Review Rating: 7 out of 10
Some rather hapless and desperate thieves end up trapped in the house they intended to rob, which it turns out is the lair of a deranged serial killer!
The movie actually starts off with the two would-be master thieves arguing about needing to retire from the burgling business – while they’re trying not to get caught inside a house they’re currently robbing, of course. Ollie (Chris Dinh) and Blair (Katie Savoy) have made some manner of career out of robbing upper-class homes while dressed as erstwhile painters, but Blair wants to get out of this situation ASAFP, especially when Ollie mistakenly tries to help some of their victims and lands his dumbass in jail! Blair, forced to take out a loan from criminal underworld shark Timmy Song, now has to take on another job to pay back her now debilitating debt, and this leads Blair and Ollie, Blair’s brother Connor (Chris Riedell) and his crewman Riley (Tim Chiou), to the last house they ever should have tried to home-invade.
Blair and Ollie’s relationship, awkward though it may be, seems to work well for them trying to pull off a job together. Brother Connor, despite aspirations of master-burglar-hood, is about as useful as trying to crack a safe with a fork, and his little homie Riley, even less so. Somehow I still adored Riley and his insistence in trying to be helpful somehow, and if nothing else, his loyalty. But good intentions won’t save you from a good knifing once they’ve entered the supposedly empty house of some rich person who’s supposed to be off on vacation. Blair and Ollie get more and more frustrated, checking the empty rooms on the ground floor, only to get startled by the first of many jump scares and find themselves in a secret underground torture lair right out of the Saw movies! And if you thought Connor and Riley were unhelpful before, discovering wannabe-Norman-Bates’ basement down below, complete with leftover victims, just makes everything so much worse!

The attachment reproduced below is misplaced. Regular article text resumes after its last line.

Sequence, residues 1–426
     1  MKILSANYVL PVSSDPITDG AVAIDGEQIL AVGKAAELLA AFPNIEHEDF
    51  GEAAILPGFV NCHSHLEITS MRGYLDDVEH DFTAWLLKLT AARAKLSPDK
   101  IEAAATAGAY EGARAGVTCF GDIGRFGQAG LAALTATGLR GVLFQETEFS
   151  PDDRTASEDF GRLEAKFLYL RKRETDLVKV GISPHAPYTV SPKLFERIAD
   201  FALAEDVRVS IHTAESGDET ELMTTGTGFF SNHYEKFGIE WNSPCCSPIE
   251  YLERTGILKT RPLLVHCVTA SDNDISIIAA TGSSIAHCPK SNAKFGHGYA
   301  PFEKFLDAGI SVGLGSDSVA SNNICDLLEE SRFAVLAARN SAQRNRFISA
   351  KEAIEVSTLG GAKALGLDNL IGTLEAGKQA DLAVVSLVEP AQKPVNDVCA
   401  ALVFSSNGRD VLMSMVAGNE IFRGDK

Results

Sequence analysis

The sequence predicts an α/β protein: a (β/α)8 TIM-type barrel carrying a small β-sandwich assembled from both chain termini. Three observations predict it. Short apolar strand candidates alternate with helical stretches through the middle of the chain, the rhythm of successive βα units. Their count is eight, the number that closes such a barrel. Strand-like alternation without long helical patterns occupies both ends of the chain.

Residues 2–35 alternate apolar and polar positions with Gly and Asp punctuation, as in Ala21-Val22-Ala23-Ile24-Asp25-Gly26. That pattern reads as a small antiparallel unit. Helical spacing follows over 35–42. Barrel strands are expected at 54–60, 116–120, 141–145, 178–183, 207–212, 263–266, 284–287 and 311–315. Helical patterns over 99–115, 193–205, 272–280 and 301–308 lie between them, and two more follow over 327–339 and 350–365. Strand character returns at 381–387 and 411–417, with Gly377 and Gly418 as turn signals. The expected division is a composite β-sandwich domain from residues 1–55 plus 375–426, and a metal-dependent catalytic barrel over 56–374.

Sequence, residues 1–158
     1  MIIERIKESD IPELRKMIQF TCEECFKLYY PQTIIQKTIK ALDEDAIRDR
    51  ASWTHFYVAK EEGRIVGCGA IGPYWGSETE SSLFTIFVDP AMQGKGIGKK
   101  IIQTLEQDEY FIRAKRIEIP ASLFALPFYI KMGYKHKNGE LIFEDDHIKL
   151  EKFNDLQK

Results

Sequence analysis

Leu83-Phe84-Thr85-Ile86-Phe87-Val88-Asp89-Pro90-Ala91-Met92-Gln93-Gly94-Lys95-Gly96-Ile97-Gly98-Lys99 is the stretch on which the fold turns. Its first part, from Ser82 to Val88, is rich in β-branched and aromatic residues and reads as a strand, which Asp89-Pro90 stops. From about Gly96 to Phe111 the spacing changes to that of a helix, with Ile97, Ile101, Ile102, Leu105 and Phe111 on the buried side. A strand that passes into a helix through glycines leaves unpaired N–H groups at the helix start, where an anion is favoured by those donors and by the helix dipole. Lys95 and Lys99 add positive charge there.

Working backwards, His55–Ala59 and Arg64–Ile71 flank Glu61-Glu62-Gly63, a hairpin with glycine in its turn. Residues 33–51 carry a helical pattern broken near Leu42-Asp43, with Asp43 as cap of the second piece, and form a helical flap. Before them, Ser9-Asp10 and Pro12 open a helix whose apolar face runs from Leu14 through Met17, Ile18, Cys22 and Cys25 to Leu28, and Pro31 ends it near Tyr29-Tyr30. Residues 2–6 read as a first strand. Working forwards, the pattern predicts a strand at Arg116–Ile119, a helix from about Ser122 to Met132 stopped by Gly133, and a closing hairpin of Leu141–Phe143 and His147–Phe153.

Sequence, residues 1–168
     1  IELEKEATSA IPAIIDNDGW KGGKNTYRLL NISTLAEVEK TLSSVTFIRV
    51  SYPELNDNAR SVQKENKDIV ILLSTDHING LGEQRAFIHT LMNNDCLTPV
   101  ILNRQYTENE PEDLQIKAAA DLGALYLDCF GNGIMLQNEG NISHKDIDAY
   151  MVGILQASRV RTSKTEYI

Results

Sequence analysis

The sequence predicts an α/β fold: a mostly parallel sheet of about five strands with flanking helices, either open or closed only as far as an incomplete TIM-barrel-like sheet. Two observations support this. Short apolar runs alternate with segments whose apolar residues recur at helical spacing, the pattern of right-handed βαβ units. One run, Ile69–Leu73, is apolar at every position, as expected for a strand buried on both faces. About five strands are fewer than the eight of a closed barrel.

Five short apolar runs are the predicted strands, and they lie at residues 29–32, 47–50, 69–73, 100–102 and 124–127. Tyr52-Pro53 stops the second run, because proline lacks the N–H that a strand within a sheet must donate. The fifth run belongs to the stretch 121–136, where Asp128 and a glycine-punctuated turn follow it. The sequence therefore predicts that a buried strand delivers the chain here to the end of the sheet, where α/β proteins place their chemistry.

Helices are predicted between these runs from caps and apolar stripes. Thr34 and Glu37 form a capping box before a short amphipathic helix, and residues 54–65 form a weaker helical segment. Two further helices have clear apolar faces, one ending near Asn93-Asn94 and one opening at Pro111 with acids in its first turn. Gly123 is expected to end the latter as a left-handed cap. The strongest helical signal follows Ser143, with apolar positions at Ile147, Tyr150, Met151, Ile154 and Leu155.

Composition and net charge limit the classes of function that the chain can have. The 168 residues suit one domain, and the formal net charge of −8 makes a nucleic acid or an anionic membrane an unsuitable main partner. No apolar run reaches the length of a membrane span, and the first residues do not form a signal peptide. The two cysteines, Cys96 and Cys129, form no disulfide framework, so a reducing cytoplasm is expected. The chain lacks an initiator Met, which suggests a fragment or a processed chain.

The black humor our heroes espouse once they’re stuck in the dungeons below the house is completely appropriate for the situation, and let’s face it, something we all would likely be doing if we were in the same spot. There are plenty of horror standard jump scares and director Nguyen actually manages to pull them off fairly well, along with some fine storytelling and even a twist at the ending that not everyone would see coming. Based on two previously successful film shorts, the feature length of Crush the Skull is a fine little horror-comedy romp that is worth a try, if for no other reason than to cheer right along with our heroes when they gleefully wail on villains with a shovel to, say it with me, crush the skull!